Nurturing Congregational Life is a matter of nurturing relationships within and among individuals – among those who gather within Unitarian Universalist covenants, as well as with those far beyond. This involves not only a keen attention to and appreciation for the rich diversity of individual human experience, but also to the connections between them and to the many ways they can be nurtured within a Shared Ministry and in the wider world.
Thoughtful, creative, inspirational worship services are the most obvious means by which to help build such connections. This is made possible not only through the collaborate effort of those charged to craft them, but also through the willingness of those in attendance to recognize their open participation as essential to the potential for such transformative experiences. My last post touched on that.
Another obvious area of Congregational Life is Religious Education, which is often thought of as limited to “Affinity Learning” – through programs in which adults and/or children and youth gather for formal instruction (classes, workshops, forums, etc.).
Those can be powerful experiences. Even so, I believe firmly that every moment is rife with learning opportunities, and that these are often enhanced when shared by individuals willing to transcend their real or perceived differences. This involves, among other things, recognizing the value of Intergenerational activities and relationships, and depthful dialogue in general.
THEME BASED MINISTRY
This past year I instituted a Theme-Based Ministry into Congregational Life, as a way to foster not only individual spiritual growth, but to provide opportunities for individuals of all ages and backgrounds to share in such exploration over the course of the entire year.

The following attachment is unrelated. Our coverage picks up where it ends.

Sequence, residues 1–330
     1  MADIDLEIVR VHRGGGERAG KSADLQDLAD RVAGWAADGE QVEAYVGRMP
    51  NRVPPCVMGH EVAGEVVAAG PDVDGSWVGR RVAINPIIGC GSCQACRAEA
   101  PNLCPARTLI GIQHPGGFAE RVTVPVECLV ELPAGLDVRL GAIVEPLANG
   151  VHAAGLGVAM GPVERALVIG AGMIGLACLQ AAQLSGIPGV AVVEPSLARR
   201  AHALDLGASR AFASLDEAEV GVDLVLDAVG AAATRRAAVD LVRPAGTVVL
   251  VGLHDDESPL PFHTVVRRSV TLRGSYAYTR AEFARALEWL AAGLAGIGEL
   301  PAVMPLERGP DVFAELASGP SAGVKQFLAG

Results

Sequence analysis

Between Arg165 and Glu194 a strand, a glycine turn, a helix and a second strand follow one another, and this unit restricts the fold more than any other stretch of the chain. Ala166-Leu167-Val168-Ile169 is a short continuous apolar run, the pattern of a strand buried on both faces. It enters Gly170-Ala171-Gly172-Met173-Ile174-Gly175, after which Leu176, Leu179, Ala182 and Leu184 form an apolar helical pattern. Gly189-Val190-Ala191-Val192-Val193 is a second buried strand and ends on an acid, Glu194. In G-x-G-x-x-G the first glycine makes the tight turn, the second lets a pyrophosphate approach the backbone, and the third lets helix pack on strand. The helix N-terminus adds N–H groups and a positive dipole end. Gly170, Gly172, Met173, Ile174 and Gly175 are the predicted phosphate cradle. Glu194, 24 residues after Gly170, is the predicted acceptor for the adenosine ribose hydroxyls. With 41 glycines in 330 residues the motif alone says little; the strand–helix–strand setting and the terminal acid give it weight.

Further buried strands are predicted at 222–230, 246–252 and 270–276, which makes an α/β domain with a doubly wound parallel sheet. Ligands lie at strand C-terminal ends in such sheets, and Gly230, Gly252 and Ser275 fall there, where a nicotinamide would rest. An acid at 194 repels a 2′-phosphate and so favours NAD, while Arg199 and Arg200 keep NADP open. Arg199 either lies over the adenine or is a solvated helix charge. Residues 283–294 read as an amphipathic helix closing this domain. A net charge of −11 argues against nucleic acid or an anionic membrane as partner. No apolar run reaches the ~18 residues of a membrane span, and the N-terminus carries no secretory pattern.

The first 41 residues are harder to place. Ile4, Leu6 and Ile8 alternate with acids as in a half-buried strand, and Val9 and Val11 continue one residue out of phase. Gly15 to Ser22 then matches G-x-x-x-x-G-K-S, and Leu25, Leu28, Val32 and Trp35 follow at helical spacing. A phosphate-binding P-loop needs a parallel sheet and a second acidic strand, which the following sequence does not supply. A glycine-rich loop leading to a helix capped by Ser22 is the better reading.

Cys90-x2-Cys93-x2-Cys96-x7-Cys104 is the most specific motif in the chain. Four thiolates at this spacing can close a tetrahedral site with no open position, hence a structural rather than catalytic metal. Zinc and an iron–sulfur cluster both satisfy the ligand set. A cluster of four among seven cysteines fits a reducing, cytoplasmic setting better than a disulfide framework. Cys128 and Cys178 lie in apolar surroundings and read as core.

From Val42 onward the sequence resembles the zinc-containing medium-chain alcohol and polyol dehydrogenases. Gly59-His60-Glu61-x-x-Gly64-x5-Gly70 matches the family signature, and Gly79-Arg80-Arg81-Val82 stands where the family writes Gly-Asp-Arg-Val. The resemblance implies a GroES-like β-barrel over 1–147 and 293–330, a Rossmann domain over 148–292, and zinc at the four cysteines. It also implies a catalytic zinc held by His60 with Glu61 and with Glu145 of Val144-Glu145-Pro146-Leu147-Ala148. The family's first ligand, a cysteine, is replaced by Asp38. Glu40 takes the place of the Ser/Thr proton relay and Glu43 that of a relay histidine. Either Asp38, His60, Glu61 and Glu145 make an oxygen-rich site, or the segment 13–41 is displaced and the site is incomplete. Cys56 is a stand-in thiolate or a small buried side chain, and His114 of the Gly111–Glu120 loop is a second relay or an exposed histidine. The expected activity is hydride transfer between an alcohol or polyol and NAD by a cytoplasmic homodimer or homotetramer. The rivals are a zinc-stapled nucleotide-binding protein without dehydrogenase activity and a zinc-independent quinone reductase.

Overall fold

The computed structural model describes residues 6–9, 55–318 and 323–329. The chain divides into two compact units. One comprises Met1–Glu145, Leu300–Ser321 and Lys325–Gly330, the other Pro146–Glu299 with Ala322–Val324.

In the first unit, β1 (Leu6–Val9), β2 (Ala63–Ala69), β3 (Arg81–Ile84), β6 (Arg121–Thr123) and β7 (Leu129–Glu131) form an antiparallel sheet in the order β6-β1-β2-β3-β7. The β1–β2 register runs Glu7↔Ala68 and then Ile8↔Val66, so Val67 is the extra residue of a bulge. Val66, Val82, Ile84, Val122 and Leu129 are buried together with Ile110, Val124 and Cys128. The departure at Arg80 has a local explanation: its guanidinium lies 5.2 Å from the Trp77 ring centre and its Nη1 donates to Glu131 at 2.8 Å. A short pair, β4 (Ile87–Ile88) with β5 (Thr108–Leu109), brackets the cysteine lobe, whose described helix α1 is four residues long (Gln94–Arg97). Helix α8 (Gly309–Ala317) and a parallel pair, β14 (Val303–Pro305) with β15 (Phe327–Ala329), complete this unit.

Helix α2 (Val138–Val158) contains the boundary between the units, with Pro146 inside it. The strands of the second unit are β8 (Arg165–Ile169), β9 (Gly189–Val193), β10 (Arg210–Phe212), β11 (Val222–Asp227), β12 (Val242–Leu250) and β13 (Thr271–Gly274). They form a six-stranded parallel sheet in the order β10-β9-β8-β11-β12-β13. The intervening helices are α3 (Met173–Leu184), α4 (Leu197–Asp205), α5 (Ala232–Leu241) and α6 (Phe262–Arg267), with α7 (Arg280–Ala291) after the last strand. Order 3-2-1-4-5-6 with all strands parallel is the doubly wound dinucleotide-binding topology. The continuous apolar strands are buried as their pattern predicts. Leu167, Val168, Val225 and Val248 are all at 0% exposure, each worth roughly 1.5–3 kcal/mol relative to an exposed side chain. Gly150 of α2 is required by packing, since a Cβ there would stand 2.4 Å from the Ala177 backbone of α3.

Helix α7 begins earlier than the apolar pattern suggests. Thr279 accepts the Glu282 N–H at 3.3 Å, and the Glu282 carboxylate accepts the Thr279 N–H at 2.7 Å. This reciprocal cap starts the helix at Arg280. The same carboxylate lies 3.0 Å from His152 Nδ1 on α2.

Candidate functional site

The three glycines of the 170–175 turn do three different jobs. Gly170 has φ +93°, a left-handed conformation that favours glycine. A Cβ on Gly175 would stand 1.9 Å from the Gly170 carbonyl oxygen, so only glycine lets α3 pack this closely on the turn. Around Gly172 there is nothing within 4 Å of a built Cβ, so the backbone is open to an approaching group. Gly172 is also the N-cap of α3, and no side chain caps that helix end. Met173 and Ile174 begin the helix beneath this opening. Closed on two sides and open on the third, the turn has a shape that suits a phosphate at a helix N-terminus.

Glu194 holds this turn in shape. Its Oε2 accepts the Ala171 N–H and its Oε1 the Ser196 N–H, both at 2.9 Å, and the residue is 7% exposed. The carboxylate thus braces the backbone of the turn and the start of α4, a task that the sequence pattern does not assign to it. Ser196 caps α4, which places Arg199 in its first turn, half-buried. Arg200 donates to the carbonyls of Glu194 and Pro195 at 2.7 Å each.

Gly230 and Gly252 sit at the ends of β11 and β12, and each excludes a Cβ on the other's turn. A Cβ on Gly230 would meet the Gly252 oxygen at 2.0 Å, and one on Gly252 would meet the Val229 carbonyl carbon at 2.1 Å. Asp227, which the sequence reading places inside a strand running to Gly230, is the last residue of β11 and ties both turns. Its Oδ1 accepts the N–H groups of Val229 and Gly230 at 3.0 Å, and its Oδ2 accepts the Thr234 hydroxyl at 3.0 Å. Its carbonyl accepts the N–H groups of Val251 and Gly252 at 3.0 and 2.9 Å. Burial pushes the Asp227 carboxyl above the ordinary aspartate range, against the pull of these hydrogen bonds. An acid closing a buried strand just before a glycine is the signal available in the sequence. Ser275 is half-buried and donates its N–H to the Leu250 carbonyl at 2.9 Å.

Each month members (of all ages) and teams/committees were encouraged to engage with the month’s theme through worship, and through information from the Month’s Theme Resource Flyer. All were also encouraged to write poems, to journal, make drawings, submit photos, film/book recommendations, etc. for the following month’s theme.
As a result, new relationships have been forged between individuals and within families, creativity has flourished, committee work has been spiritually enriched and Unitarian Universalist identity has grown. (See the Theme Based Ministry Page for postings of monthly Resource material).
Since there is so much theological diversity within Unitarian Universalist congregations, talking about our experiences and perspectives can require a great deal of courage: a willingness to share honestly, to transcend assumptions and to listen deeply. That is not always easy.
Thankfully, Unitarian Universalists are united through covenant to affirm and promote Principles reflecting these and other important values. That covenant (as well as other agreements we make within our congregations) is what it takes to welcome one another into the opportunities for spiritual growth inherent in each moment. I ask all individuals, committees and teams to engage meaningfully with their shared values through the covenanting process.